Maryland lawmakers hear arguments for and against religious freedom act

Wednesday, March 11, 1998

A cadre of religious leaders has urged lawmakers in Maryland to enact a religious freedom act similar to the congressional version the Supreme Court invalidated last year.

Cardinal William H. Keeler, archbishop of the Roman Catholic Archdiocese of Baltimore, told a Maryland House of Delegates committee last week the state's constitution does not provide adequate protection for religious persons from an array of state laws.

He urged passage of one of the two religious freedom bills the Assembly is currently considering. The state's senate also is considering a religious freedom bill.

Keeler, along with other religious representatives, including an executive from the state's Episcopal Diocese, pointed to state zoning laws, anti-discrimination laws and other generally applicable laws they claim place great burdens on the practice of religion.

The leaders called on the House committee to approve a religious freedom protection bill requiring the state to justify any laws that happen to infringe on a person's religious practices or beliefs with a compelling state interest. The bill would also force the state to show that the law uses the least restrictive means possible to meet the government interest.

The Assembly's bill mirrors the federal Religious Freedom Restoration Act of 1993 which was successfully attacked by a Texas city last year. The U.S. Supreme Court in Boerne v. Flores ruled that Congress did not have constitutional authority to force state courts to implement the rigorous standard on laws not meant to infringe on religious beliefs and practices. Therefore, the high court's decision let stand a lower federal court's ruling that officials in Boerne did not have to show a compelling interest in its zoning laws that prevented the expansion of a Catholic church.

Maryland is one of several states considering such bills. The various state bills are being encouraged by The Coalition for the Free Exercise of Religion, which drafted and lobbied for the federal act. The Coalition believes the Supreme Court left open the possibility that states could constitutionally pass their own religious freedom protection bills.

Marci Hamilton, attorney for the Texas city that successfully challenged the congressional act and a professor at the Benjamin N. Cardozo School of Law, suggested that such laws, if enacted, would subvert the First Amendment's principle of separation of church and state as well as individual state constitutions, like Maryland's.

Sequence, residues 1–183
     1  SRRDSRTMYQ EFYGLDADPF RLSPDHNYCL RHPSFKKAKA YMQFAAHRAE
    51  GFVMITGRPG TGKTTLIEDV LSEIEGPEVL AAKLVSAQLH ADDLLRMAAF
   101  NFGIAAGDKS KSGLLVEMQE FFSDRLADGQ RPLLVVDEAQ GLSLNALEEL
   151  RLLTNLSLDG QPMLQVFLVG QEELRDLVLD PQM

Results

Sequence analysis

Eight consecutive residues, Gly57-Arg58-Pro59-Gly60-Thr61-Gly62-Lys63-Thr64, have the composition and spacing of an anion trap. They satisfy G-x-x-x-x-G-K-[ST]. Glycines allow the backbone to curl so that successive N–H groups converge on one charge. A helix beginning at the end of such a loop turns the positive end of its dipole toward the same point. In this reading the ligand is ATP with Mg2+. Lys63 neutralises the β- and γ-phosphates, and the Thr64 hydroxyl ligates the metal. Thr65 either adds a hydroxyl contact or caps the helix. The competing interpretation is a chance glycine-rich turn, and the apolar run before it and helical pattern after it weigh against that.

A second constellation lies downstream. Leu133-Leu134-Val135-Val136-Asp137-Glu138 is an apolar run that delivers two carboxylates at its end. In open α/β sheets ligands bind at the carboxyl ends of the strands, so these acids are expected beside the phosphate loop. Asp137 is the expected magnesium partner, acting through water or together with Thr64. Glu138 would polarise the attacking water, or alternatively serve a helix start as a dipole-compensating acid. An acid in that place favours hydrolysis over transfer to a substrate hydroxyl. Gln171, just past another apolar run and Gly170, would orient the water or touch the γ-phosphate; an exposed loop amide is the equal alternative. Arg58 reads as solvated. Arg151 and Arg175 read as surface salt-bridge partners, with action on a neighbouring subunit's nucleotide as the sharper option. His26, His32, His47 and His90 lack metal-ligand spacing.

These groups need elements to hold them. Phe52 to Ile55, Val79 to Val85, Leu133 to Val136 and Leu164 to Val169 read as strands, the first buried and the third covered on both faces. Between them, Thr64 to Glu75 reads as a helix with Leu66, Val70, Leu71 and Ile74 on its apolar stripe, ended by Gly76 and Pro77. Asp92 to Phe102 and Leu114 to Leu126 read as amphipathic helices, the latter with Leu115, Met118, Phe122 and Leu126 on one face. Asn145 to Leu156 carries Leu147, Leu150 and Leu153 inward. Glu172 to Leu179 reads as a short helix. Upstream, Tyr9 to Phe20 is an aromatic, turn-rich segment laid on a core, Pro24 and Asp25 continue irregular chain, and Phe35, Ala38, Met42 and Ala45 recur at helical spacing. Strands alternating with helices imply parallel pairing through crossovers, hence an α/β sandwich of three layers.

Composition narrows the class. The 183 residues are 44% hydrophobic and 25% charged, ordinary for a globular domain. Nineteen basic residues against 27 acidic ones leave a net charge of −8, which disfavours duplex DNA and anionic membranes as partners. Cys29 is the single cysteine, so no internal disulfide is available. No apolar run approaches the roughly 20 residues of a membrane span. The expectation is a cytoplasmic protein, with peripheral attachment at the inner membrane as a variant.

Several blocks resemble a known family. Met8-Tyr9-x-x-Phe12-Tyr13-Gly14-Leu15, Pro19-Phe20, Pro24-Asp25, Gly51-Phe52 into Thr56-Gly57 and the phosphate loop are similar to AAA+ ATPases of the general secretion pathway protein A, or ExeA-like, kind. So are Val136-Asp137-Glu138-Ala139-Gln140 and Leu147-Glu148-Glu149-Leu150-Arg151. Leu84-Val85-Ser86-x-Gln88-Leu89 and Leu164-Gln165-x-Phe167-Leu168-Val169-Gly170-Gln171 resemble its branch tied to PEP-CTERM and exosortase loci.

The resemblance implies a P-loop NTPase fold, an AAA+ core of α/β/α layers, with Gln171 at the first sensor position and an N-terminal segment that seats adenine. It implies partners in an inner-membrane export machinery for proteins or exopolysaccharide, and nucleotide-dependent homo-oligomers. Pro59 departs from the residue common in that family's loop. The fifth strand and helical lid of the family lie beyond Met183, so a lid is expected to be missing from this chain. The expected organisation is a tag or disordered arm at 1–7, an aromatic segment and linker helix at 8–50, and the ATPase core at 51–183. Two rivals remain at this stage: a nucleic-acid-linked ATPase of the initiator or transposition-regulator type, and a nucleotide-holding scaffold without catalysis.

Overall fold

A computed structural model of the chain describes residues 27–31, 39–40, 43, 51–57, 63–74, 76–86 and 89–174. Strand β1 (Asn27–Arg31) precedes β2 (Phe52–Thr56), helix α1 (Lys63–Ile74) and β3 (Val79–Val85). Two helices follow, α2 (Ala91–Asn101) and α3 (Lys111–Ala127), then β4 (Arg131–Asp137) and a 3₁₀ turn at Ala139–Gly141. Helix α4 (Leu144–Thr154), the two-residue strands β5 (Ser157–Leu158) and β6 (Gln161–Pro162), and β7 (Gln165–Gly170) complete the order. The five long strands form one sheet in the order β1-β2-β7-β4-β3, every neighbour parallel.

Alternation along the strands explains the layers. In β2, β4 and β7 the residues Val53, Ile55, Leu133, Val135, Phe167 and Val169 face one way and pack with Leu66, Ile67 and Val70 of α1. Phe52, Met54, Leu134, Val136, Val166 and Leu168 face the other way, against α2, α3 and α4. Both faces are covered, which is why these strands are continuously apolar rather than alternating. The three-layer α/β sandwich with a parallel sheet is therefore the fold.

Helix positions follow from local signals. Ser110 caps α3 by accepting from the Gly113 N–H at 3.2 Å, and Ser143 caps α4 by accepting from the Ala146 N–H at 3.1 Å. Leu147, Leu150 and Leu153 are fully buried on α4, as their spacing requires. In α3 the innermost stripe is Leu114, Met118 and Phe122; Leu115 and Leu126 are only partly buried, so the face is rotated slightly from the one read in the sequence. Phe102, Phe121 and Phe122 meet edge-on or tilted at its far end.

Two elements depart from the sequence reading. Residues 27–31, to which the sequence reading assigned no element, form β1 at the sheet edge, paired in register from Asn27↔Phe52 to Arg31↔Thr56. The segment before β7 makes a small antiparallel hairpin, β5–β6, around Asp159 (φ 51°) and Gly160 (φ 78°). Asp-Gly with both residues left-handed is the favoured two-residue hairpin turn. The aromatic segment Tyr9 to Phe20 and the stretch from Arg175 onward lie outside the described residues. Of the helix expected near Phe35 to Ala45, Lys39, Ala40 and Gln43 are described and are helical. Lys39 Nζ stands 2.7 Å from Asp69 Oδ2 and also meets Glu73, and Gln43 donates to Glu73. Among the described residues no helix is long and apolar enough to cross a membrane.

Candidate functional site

“The assembly bill gives religions decisive leverage in every scenario,” Hamilton said. “They send an unmistakable message of endorsement of religion over non-religion.

“If a church wants to avoid a zoning ordinance, the government must tailor its law to the least restrictive means for the church. If a philosophical bookstore or other business wants to do the same, it does not have the same right.”

Keeler, however, told the committee that religious persons are not seeking a “special advantage,” but are simply asking for needed protection of religious practices.

Hamilton said that after her testimony several delegates suggested amendments to the bill, like an exemption for the state's ant-discrimination laws.

“My guess is that they may well enact something by the end of their session but that it will not be the bill they started with,” she said.

The Coalition, however, has been adamantly opposed to any exemptions from their proposed religious freedom bills. California's Assembly passed a religious freedom bill in January that includes an exemption for the state's anti-discrimination laws despite vocal disapproval by the coalition.

Steve McFarland, director of the Christian Legal Society and a member of coalition, in a letter to California lawmakers last month said that the exemption for anti-discrimination laws would prompt opposition from the coalition.

“If you exempt discrimination claims from the protections of [California's Religious Freedom Protection Act] you will strip the bill of its primary benefit for conservative believers,” McFarland said. “It would also dissolve the glue that has held together the disparate ideologies within the RFRA coalition.”